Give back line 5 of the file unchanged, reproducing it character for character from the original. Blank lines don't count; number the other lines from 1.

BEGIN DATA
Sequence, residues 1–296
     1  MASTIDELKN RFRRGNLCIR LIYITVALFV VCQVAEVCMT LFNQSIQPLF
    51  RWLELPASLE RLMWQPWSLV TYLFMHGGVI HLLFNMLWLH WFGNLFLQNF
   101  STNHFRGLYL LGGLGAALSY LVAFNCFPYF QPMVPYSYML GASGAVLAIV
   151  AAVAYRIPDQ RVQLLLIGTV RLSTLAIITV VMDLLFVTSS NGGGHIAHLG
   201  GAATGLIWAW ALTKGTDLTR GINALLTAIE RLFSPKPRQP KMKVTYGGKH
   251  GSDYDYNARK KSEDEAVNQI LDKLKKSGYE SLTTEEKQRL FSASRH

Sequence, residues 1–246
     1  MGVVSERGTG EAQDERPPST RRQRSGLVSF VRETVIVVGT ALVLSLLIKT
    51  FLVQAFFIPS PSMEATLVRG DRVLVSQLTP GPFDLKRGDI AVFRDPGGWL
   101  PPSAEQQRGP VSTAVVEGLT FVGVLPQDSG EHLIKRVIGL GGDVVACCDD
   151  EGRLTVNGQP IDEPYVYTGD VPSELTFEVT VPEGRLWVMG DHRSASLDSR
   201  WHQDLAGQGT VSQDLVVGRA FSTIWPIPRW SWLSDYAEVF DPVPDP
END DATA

   151  AAVAYRIPDQ RVQLLLIGTV RLSTLAIITV VMDLLFVTSS NGGGHIAHLG